After COVID-19 ravaged Manhattan and every other city across the world, university, city and state officials were left to try and pick up the broken pieces for the people they serve and help restore some sort of normal life.
At Kansas State, the Student Governing Association is part of that effort. One of the main ways SGA works to serve students is by prioritizing their mental health in the bills they propose. Physical health is prioritized heavily at this point in time, but sometimes that allows mental health to be shoved to the side.
However, student senators showed they prioritize mental health this semester by unanimously passing a proposal for two spring mental wellness days.
Those days will hopefully give students a longer weekend to potentially spend resting during the break-free spring semester, or maybe safely return home to their parents for a day.
When the proposal reached faculty senate, it was rejected. The reasons given for those vote were two fold.
First, faculty were worried students would return home and contract COVID-19 and bring it back to campus. Also, this day off would take away from limited class time and professors would not be able to fit in as much curriculum as needed.
I found these reasons to be insufficient due to the level of importance I put on the spring mental wellness days. The days are a chance for out of state, or just busy, working students to get to see their family one time over the spring semester. After spring break was canceled, the odds of this opportunity became slim.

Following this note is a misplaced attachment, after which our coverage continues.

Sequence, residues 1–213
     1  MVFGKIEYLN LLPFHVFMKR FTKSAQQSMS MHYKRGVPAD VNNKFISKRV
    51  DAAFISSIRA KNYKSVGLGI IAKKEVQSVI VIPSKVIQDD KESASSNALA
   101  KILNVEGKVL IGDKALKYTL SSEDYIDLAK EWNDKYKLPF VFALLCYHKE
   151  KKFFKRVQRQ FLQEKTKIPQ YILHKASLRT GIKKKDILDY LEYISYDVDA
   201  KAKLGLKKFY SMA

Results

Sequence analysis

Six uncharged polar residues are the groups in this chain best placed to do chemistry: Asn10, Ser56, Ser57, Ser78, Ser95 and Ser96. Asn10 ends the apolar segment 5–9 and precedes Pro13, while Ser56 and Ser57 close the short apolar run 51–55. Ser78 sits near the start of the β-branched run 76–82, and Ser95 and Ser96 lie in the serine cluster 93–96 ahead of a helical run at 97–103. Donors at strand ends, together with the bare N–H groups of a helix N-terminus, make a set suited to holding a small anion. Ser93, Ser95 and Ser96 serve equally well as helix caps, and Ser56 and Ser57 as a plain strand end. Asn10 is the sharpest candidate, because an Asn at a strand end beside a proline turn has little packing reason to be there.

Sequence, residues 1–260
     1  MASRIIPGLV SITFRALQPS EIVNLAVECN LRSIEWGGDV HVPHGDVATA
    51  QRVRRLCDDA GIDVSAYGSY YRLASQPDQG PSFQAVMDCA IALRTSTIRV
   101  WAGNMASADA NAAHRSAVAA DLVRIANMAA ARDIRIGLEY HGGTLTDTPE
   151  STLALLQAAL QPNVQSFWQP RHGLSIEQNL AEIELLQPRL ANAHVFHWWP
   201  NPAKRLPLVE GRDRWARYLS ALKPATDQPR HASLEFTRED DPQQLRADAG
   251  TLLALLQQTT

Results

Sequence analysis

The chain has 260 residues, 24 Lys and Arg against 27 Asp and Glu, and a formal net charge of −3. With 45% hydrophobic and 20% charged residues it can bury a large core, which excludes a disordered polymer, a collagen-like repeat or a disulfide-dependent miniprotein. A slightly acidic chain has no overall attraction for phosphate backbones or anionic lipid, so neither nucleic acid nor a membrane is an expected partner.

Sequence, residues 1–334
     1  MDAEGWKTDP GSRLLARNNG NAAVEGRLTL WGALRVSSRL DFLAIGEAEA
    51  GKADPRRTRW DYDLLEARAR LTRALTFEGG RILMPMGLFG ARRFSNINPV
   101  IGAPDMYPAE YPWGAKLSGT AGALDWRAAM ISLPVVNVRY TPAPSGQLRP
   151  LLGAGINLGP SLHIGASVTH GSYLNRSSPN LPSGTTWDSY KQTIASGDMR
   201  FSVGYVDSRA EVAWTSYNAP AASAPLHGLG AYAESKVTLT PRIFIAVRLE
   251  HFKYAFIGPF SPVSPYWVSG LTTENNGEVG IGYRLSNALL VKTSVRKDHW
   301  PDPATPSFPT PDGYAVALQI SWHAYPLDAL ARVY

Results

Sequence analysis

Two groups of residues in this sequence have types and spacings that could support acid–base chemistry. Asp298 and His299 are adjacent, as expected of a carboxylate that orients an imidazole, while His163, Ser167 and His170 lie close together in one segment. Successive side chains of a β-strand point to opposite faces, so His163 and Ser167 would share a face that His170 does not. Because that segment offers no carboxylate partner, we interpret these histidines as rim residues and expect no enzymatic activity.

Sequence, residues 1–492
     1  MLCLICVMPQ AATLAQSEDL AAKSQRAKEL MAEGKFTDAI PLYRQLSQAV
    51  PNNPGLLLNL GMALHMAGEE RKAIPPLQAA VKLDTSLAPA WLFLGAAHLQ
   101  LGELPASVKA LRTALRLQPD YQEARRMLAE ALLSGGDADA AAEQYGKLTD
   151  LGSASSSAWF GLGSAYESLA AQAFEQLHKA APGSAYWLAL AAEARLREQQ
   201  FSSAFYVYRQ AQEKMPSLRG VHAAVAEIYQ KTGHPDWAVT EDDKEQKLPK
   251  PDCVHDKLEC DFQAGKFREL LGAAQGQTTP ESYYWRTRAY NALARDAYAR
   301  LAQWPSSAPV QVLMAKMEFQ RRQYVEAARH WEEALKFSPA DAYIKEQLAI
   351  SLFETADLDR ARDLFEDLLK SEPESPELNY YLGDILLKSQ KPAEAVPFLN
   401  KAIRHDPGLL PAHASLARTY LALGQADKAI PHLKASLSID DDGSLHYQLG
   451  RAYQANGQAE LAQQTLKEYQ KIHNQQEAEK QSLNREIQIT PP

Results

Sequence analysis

As a former out of state student at a different college, I’ve experience overwhelming feelings of homesickness and a desire for a break with familiarity. While this isn’t a time that K-State wants students traveling, the university could still allowed for the day off, and emphasize the importance of safety and list precautions to take if going home.
Also, in the long run, students with breaks are able to fit in more curriculum. Breaks and time for rest help prevent burnout, which most students feel by the end of the school year.
If faculty are worried about students not being able to learn as much, forcing them to work 16 weeks straight is not necessarily going to solve that problem. Many times when students feel burdened or overwhelmed by work it leads to cheating or missed assignments. Giving students a break to reset might take away a single class period, but it could help recharge them in a way that allows them to learn more over the course of the semester.
Student senate continues to collaborate with faculty senate and advocate for mental wellness days, and a joint proposal is in the works. Hopefully it can be one that empathizes with the taxing schedule of being a student away from home.
Anna Schmidt is the Collegian opinions editor and a junior in mass communications. The views and opinions expressed in this column are those of the author and the persons interviewed and do not necessarily reflect the official policy or position of the Collegian. Please send comments to email@example.com.